Why are Schiff, Swalwell, and Omar on McCarthy’s hit list to lose committee assignments?

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House Minority Leader Kevin McCarthy, of Calif., speaks at an annual leadership meeting of the Republican Jewish Coalition Saturday, Nov. 19, 2022, in Las Vegas. (AP Photo/John Locher) John Locher/AP

Why are Schiff, Swalwell, and Omar on McCarthy’s hit list to lose committee assignments?

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House Minority Leader Kevin McCarthy (R-CA) is threatening to remove a handful of Democrats from their committee assignments once the GOP takes control of the House in January should the California Republican be elected House speaker.

In an interview with Fox News on Sunday, McCarthy said he would remove Democratic Reps. Eric Swalwell (D-CA) and Adam Schiff (D-CA) from their positions on the House Intelligence Committee, accusing the two lawmakers of being untrustworthy. His comments come just one day after the House minority leader announced his intent to remove Rep. Ilhan Omar (D-MN) from the Foreign Affairs Committee, following through with warnings he made previously that some Democrats would be ousted from their positions in a Republican-led House.


“Eric Swalwell cannot get a security clearance in the public sector. Why would we ever give him a security clearance in the secrets to America? So I will not allow him to be on Intel,” McCarthy said. “You have Adam Schiff, who had lied to the American public time and again. We will not allow him to be on the Intel Committee either.”

Swalwell has been under scrutiny by Republicans after it was reported in 2020 that a suspected Chinese spy had developed relations with the California Democrat in what U.S. officials believe was an extensive political intelligence operation run by China between 2011 and 2015. A spokesperson for Swalwell said at the time he had not interacted with the operative in roughly six years, and the California Democrat has not been accused of any wrongdoing.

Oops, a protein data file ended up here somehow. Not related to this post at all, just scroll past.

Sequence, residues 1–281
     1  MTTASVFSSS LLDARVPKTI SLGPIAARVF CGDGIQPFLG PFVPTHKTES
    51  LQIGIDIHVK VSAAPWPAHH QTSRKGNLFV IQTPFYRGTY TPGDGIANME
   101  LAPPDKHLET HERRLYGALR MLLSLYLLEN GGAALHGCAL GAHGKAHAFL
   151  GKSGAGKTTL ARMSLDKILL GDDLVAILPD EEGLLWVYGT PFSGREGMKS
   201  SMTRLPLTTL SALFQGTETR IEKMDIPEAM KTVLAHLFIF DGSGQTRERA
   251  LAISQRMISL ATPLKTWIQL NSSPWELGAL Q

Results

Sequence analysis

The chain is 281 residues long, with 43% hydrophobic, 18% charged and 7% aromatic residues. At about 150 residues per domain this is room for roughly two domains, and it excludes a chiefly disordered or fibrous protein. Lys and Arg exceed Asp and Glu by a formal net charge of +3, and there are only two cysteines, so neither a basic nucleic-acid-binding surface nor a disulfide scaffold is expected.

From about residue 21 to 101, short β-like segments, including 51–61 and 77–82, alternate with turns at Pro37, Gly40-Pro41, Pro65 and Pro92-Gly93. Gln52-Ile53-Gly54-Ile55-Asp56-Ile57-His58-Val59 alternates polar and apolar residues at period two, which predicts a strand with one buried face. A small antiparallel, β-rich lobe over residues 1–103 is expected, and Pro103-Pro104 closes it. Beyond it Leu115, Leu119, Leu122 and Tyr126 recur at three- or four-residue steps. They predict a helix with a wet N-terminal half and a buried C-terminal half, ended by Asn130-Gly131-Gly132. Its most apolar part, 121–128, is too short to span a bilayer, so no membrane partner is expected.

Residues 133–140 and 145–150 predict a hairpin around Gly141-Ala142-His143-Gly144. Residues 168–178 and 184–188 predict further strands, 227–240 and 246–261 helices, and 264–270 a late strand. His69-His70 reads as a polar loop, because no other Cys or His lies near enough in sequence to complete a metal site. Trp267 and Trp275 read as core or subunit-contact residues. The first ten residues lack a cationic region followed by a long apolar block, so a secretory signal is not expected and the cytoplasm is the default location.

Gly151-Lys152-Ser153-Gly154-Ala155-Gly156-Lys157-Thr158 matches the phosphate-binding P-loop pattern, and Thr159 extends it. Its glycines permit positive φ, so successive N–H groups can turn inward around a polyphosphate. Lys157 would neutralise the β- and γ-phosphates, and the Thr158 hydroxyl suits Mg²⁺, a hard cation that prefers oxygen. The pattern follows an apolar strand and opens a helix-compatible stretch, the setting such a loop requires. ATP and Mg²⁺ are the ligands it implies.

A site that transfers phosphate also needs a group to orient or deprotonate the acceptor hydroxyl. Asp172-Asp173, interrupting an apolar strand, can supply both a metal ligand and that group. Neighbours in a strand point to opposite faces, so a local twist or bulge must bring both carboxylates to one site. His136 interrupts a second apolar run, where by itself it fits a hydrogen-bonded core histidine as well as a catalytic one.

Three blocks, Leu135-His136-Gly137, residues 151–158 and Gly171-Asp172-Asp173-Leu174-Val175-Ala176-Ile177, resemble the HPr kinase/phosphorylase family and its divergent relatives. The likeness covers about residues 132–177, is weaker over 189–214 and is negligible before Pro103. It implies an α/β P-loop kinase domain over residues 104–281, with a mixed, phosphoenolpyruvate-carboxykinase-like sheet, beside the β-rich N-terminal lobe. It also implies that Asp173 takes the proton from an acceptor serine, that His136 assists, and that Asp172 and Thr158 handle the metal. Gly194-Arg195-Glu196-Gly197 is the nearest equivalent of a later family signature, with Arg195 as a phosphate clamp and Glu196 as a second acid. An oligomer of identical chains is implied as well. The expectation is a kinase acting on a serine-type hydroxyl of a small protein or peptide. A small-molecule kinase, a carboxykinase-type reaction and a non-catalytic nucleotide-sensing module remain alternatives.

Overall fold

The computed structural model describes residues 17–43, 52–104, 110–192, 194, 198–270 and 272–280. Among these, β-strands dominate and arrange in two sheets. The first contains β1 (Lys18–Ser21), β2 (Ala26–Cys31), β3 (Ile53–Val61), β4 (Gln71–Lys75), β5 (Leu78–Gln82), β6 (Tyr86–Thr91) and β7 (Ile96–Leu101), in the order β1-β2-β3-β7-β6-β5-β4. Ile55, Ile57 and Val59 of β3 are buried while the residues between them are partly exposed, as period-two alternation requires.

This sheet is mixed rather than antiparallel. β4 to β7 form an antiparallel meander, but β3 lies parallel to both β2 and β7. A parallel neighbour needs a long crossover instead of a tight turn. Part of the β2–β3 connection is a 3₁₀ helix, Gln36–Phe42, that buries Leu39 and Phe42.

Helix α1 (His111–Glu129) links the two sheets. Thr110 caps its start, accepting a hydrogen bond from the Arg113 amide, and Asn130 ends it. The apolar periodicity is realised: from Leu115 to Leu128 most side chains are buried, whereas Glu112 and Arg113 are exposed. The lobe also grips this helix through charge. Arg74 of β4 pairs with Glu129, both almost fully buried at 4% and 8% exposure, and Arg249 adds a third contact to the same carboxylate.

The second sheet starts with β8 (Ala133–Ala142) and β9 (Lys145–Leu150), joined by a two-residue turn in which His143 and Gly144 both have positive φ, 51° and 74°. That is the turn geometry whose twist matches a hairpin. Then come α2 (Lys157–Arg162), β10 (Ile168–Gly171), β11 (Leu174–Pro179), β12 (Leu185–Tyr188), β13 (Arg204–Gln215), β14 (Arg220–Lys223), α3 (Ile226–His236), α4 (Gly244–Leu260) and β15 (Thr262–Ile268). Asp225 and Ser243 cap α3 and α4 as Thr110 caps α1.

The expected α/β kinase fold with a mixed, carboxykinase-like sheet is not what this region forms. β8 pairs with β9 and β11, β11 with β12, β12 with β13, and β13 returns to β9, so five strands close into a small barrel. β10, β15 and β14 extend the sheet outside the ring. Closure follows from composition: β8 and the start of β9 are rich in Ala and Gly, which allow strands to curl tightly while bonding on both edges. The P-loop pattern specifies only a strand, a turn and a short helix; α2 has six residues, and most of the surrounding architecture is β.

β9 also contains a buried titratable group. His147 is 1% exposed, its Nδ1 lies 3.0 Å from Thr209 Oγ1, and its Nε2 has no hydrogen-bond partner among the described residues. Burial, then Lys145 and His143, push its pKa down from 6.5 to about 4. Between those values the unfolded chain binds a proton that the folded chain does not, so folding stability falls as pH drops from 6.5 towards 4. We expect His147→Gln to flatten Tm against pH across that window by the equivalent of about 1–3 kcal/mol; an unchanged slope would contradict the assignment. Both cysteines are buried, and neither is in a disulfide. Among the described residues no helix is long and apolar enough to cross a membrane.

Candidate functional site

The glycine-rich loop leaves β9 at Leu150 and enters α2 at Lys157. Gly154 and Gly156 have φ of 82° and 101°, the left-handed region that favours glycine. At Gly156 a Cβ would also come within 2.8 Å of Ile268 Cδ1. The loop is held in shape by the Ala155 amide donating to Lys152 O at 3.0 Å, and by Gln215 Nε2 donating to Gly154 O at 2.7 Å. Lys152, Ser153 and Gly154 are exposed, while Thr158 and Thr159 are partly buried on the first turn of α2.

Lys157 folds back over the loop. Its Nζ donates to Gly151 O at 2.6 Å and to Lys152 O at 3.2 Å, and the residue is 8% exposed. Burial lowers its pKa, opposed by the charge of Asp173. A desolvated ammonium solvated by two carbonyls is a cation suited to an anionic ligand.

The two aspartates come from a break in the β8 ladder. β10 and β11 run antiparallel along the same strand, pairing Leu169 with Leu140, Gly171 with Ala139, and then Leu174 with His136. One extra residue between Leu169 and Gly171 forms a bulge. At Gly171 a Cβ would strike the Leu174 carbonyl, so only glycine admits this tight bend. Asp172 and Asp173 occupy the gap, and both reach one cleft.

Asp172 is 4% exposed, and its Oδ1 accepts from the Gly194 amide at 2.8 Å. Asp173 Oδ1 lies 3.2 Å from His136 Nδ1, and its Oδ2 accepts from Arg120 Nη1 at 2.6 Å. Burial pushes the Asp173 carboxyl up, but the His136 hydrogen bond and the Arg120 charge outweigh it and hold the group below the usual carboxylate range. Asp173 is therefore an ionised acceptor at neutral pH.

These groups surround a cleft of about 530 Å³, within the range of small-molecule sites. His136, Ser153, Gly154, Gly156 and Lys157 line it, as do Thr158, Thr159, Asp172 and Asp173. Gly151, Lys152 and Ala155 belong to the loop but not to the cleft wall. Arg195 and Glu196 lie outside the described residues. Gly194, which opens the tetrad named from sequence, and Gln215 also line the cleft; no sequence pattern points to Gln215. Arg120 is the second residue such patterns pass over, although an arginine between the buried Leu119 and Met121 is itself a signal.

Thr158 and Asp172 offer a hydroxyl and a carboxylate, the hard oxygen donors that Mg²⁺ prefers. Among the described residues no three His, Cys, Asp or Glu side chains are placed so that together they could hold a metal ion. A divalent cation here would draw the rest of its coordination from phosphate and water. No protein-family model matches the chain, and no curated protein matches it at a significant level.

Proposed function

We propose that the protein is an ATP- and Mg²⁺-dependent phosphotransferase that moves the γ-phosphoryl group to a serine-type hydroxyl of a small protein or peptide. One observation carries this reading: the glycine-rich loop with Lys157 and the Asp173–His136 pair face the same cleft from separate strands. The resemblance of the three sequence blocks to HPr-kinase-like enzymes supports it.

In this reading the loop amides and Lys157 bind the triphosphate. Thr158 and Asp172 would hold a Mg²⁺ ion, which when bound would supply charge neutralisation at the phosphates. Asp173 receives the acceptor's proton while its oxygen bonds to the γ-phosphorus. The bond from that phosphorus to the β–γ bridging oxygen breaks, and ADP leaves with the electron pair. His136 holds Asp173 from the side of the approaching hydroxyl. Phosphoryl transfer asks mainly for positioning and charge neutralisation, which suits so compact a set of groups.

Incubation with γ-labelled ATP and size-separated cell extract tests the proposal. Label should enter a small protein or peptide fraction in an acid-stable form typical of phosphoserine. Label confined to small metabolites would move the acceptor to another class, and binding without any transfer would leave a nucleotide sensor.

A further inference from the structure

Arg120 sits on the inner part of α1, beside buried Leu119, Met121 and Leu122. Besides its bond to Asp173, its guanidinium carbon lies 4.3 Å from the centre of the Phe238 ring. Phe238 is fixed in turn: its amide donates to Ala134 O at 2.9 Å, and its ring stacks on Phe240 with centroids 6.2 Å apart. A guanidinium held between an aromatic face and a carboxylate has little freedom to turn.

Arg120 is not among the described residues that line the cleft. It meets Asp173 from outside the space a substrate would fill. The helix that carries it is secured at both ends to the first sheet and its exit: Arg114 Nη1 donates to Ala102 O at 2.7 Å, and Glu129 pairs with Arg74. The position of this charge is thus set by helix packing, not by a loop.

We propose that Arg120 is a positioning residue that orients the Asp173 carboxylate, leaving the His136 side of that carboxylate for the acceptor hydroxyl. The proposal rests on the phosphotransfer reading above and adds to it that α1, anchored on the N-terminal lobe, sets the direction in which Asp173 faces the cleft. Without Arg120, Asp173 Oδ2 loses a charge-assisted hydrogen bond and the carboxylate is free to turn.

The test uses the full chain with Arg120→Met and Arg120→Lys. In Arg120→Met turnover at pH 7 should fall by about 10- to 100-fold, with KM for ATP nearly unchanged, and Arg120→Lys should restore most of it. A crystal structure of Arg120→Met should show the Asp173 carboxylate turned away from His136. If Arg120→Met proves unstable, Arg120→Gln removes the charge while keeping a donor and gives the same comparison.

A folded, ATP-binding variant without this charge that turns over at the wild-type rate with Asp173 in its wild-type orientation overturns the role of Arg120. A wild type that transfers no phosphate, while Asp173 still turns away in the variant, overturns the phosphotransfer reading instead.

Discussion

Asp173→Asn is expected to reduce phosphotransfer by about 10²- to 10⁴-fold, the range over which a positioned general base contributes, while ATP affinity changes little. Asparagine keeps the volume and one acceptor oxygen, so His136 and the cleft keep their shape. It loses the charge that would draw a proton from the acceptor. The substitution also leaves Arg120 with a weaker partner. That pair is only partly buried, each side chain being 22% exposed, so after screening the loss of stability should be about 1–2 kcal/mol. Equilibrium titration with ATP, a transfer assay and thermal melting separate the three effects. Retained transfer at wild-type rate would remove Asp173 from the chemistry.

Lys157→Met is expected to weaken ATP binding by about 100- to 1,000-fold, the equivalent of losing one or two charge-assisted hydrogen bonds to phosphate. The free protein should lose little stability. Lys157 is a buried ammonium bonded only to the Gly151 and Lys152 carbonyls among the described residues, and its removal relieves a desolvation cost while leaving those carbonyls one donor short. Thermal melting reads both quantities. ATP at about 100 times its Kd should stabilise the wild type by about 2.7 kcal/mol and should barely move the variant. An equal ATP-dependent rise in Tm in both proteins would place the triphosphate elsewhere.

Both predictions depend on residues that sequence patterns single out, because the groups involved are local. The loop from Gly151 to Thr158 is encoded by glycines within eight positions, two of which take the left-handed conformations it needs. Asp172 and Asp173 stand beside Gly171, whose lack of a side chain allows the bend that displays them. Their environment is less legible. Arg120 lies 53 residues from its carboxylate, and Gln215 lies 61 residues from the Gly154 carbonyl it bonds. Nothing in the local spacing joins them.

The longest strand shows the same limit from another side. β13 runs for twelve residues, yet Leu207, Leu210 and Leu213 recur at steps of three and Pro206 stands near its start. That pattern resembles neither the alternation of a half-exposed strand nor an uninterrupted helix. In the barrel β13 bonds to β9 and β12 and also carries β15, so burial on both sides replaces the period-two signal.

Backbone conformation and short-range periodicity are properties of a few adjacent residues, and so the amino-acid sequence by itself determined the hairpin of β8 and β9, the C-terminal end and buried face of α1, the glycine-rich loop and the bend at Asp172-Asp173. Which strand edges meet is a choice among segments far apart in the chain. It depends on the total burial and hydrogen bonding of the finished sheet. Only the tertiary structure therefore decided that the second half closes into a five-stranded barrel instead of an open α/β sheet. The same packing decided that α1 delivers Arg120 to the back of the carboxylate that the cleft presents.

Schiff has also been a target of the GOP over the last several years after he led hearings for former President Donald Trump’s first impeachment trial, during which the former president was accused of abuse of power and obstruction of Congress. Schiff has continued to elicit the ire of the GOP with his position on the Jan. 6 committee, an investigation Republicans have denounced as politically motivated.

McCarthy will also seek to remove “Squad” member Omar from her seat on the Foreign Affairs Committee, accusing the Minnesota Democrat of making antisemitic comments in the past. Omar, who was first elected in 2018, has ignited a series of controversies over her anti-Israel positions and has faced other accusations of antisemitism over specific comments.

“I remember what she said about the [U.S.-Israel] relationship. I remembered it so much, I promised you last year she would no longer be on Foreign Affairs,” McCarthy said during the Republican Jewish Coalition’s 2022 leadership meeting in Las Vegas, Nevada, over the weekend. “I’m keeping that promise.”

Omar responded to McCarthy’s pledge, decrying it as an example of the Republican Party’s use of “fear, xenophobia, Islamophobia, and racism” to target her influence.

“Whether it is Marjorie Taylor Greene holding a gun next to my head in campaign ads or Donald Trump threatening to ‘send me back’ to my country (despite the fact that I have been a proud citizen of the United States for more than 20 years), this constant stream of hate has led to hundreds of death threats and credible plots against me and my family. At the same time, they have openly tolerated antisemitism, anti-Muslim hate and racism in their own party,” she said in a statement. “If [McCarthy] cared about addressing the rise in hate, he would apologize and make sure others in his party apologized.”


McCarthy’s pledge to remove high-profile Democrats from their committee positions follows through with a promise the House minority leader made in January after Democrats voted to oust Reps. Marjorie Taylor Greene (R-GA) and Paul Gosar (R-AZ) from their assignments for allegedly encouraging political violence.

Republicans are set to take control of the House in January after winning a narrow majority in the lower chamber last week. McCarthy has already won a conference vote to remain party leader but must win a majority vote on the House floor in January before becoming speaker.

© 2022 Washington Examiner

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